descending limb of loop of henle

____ and _____ are impermeable to urea

ascending limb and DCT

__ is permeable to urea

CD

urea moves out of CD and into

interstitial fluid

in hormone control a total of __ hormones are involved

4

what hormones are involved in the regulation of urine production?

aldosterone


renin-angiotensin


ADH


ANF

what is aldosterone stimulated by

high potassium levels and angiotensin II

aldosterone results in

low urine volume

what is renin-angiotensin stimulated by?

low blood pressure

stimulates the thirst center in the brain

angiotensin II

what is ADH produced with

high osmotic pressure and low blood volume

without ADH you would excrete large amounts of

dilute urine

produced by right atrium with high blood pressure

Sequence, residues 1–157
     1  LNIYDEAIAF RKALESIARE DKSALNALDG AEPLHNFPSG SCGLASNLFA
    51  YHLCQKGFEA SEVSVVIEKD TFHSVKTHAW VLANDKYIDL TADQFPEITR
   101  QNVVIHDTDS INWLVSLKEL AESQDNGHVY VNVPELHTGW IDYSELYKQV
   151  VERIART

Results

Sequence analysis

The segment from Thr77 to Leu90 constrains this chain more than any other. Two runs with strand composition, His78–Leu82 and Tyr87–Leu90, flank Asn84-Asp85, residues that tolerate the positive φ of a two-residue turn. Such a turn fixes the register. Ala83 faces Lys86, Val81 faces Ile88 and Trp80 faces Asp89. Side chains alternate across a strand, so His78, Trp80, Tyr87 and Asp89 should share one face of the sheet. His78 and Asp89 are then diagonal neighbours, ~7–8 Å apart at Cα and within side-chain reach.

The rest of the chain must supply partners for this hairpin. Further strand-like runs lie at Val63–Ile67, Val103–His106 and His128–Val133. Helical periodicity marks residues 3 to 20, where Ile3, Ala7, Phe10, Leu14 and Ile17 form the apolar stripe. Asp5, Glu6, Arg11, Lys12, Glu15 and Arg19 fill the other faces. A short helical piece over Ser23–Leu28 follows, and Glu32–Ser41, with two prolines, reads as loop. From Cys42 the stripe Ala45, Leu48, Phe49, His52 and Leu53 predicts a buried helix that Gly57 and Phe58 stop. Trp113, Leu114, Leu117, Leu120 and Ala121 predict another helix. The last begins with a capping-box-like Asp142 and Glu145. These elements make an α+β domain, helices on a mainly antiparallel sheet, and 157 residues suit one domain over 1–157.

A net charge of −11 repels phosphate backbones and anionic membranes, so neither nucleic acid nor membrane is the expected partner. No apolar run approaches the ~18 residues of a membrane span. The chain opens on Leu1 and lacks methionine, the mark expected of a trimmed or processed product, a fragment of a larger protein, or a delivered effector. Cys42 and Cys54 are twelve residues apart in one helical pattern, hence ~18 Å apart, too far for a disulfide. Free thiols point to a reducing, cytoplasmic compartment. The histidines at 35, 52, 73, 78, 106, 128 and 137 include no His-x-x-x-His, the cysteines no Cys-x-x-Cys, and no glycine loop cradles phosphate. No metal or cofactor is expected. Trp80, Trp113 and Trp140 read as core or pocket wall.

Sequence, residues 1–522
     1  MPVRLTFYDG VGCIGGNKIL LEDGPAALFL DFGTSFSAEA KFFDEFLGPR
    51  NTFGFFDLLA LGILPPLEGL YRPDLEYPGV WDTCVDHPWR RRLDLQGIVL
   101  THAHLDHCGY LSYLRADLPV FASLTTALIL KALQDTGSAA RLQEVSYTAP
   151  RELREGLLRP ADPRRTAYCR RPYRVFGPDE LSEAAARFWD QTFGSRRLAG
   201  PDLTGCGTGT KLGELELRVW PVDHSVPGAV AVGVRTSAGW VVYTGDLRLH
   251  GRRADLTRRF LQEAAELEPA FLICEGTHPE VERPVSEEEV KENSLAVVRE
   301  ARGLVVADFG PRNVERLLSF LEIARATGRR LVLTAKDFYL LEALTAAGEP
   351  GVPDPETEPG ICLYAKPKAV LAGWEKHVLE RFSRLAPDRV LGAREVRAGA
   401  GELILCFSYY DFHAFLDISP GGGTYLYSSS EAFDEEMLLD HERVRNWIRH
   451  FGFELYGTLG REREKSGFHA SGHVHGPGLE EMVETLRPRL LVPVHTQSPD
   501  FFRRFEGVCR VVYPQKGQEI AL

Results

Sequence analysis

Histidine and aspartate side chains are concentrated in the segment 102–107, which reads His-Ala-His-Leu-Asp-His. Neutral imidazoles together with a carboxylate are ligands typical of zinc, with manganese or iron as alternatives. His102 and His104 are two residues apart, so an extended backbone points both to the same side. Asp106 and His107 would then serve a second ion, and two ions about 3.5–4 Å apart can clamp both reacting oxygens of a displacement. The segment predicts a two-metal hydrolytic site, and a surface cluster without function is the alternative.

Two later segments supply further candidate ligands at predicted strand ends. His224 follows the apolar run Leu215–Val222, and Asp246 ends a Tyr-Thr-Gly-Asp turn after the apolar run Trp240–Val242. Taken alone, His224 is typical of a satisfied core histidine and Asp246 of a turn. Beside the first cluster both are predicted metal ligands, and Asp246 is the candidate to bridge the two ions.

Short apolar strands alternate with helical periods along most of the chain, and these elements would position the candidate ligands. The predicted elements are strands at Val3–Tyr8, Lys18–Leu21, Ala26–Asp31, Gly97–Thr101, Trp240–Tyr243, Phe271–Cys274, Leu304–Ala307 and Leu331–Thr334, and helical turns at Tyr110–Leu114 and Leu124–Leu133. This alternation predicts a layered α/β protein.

ANF

maintenance of stable glomerular filtration rate

autoregulation

with high blood pressure, afferent arteriole

constricts

with low blood pressure, afferent arteriole

dialates

when the afferent arteriole constricts this results in

decreased blood flow to glomerulus

when afferent arteriole dialates, this results in

increased blood flow through glomerulus

in sympathetic innervation, SNS stimulation constricts the

afferent arteriole

when the sns stimulation constricts the afferent arteriole this results in

low blood flow and low filtration formation

diuretics has a high urine volume resulting in

low blood volume and low blood pressure

diuretics prevent

Na reabsorption

preventing Na reabsorption results in